The town of Livermore was situated at the
junction of the Rock Island and the M. and St. L. railroads. It is a
beautiful location, close to the west bank of the East Des Moines
River, and on the northwest, borders upon a deep wooded ravine of
Lott's Creek. It was laid out in the fall of 1879 under the name of
During the year of 1879 the M. and St. L.
railroad was being built from Britt to Fort Dodge. There was a debate
over the location of the line. It was do to the influence of C.C.
Washburne, Governor of Iowa, that the road curved west through the
central part of Humboldt county instead of the first proposed
straighter line several miles East. The grateful villagers wished to
name their town in his honor.
The M. and St. L. Railroad reached the
settlement in December 1879. By January 24, 1880, a stronger influence
had been felt for the town was plotted and filed for record on that
date as "Livermore." The Burlington, Cedar Rapids and Northern
Railroad was finished to Livermore in the fall of 1881. By April 1882
the town had outgrown its village clothes and was duly incorporated
under the laws of the state. George Tillson was elected its first
Gazette Article - Sept. 1882
"Perhaps it would not be amiss to say a word
this week in regard to Livermore. It is very pleasantly situated in
the edge of the timber near the east fork of the Des Moines River and
at the junction of the M. and St.. L, and the B. C. R and N.
railroads, ten miles north of the county seat. It is surrounded by as
good a farming county as can be found in Iowa. Its population is about
400 and its businessmen are mostly young men of energy and enterprise.
Everything shows marked signs of thrift. A Catholic Church, a two
story schoolhouse and mill are all fine improvements and just being
completed. The town is filled with land seekers but no loafers. The
main street from East to West consists of, J. B. Altman's blacksmith
shop, Clark's grocery, Hewitt's flour, feed and grocery, E. S. Frank's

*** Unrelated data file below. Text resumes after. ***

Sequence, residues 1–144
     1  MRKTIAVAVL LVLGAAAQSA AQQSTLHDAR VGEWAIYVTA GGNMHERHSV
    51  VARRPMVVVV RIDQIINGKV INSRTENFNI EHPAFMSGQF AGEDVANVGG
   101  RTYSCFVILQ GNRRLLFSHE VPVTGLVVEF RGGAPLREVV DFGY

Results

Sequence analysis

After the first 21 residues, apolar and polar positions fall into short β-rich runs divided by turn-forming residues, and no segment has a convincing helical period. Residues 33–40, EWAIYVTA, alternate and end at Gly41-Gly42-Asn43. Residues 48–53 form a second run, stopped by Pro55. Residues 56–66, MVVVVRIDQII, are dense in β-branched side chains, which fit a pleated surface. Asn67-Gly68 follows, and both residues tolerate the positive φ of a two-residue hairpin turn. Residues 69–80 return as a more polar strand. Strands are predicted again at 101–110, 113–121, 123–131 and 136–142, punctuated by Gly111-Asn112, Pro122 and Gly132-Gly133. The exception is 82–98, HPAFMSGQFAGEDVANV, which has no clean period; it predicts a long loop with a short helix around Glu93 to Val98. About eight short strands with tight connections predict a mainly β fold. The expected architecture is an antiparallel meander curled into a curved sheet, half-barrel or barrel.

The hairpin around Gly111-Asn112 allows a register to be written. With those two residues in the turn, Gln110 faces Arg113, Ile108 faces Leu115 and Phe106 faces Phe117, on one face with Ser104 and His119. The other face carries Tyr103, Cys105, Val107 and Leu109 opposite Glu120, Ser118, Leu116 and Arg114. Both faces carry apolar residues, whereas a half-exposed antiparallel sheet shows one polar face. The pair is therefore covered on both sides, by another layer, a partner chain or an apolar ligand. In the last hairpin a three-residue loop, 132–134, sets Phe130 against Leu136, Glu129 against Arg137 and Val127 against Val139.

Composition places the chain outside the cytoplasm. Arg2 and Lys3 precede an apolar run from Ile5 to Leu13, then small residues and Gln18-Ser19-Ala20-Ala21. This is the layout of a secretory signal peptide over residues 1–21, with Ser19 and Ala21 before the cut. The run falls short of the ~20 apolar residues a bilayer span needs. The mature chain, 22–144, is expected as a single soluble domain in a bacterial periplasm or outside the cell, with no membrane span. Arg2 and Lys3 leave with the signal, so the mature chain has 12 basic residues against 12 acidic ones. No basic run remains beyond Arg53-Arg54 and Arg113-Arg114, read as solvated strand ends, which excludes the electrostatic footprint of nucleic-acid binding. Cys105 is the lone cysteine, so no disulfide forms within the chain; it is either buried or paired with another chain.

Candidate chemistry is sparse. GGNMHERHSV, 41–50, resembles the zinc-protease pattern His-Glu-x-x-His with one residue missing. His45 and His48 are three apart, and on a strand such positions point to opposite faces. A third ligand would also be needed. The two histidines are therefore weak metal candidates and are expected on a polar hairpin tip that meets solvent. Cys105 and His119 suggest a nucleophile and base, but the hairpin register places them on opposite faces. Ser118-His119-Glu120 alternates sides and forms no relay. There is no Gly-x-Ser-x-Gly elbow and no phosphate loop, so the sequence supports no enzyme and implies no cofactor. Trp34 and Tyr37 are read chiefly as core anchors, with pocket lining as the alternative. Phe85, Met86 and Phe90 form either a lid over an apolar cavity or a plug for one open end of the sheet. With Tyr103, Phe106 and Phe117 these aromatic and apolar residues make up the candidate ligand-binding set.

drug store, Robert Roy's boot and shoe shop, Geo. Turner's livery
stable, Perry Tuttle's restaurant, C. M. Hamilton's Furniture Store,
S.C. Mc Cauley's Dry goods and Grocery, Shemmon and Merril's Hardware,
M. H. Dealy's dry goods and grocery, W. D. Weeds' boot and shoe store,
J. Meagher's meat market, J. M. Meagher's dry goods and grocery, A.
Turner's grocery, B. J. Conklin's harness shop, Miss Dell Talcott's
Millinery, and G. A. Luther's blacksmith shop. Among the hotels are
the City Hotel, a block N. of Main St., the St. James Hotel, between
the two depots, and the Weeks House on Main St.
The M. E. Church in the western part of town
is a well built and nicely finished building with a seating capacity
of about 200, and free from debt. It was built at a cost of $1,800.
The Baptists and Presbyterian each have a parsonage and expect in the
near future to build a place of worship. The Catholic Church and the
public school are in the east part of town. There are also lumber
yards and a mill. These with the residential portion constitute the
greater share of the busy little village of Livermore.
When we take into consideration the fact that
the first building was put up here less than three years ago, that new
enterprises are constantly being added, that the railroad facilities
are unexcelled by any town in Northwestern Iowa, and that the
surrounding country is almost unequaled we think they bespeak a
healthy condition, and we predict a prosperous future."
Gazette December 29, 1882
On December 24, 1882, "the prosperous future"
that was predicted in October didn't look so prosperous. The headlines
of the Gazette for December 299th were, "Livermore in Ashes."
About 4 o'clock a.m. last Sunday the
inhabitants of Livermore were hurriedly called from their beds to
witness and fight and fire which originated in the Meagher meat market
situated near the center of main street, which contained nearly all
the business places in the town.
Owing to the fact that the fire had gained
considerable headway before it was discovered, the flames spread from
that to the J. J. Meagher Dry Goods store on the west and it was with
great effort that willing hands succeeded in removing a part of the
stock from the flames. None of their household goods were saved except
one trunk and its contents. The women escaped in their night clothes
with not even a pair of stockings to shield them from the fire or the
snow. Mary and J. M. Meagher escaped the flames only by jumping from a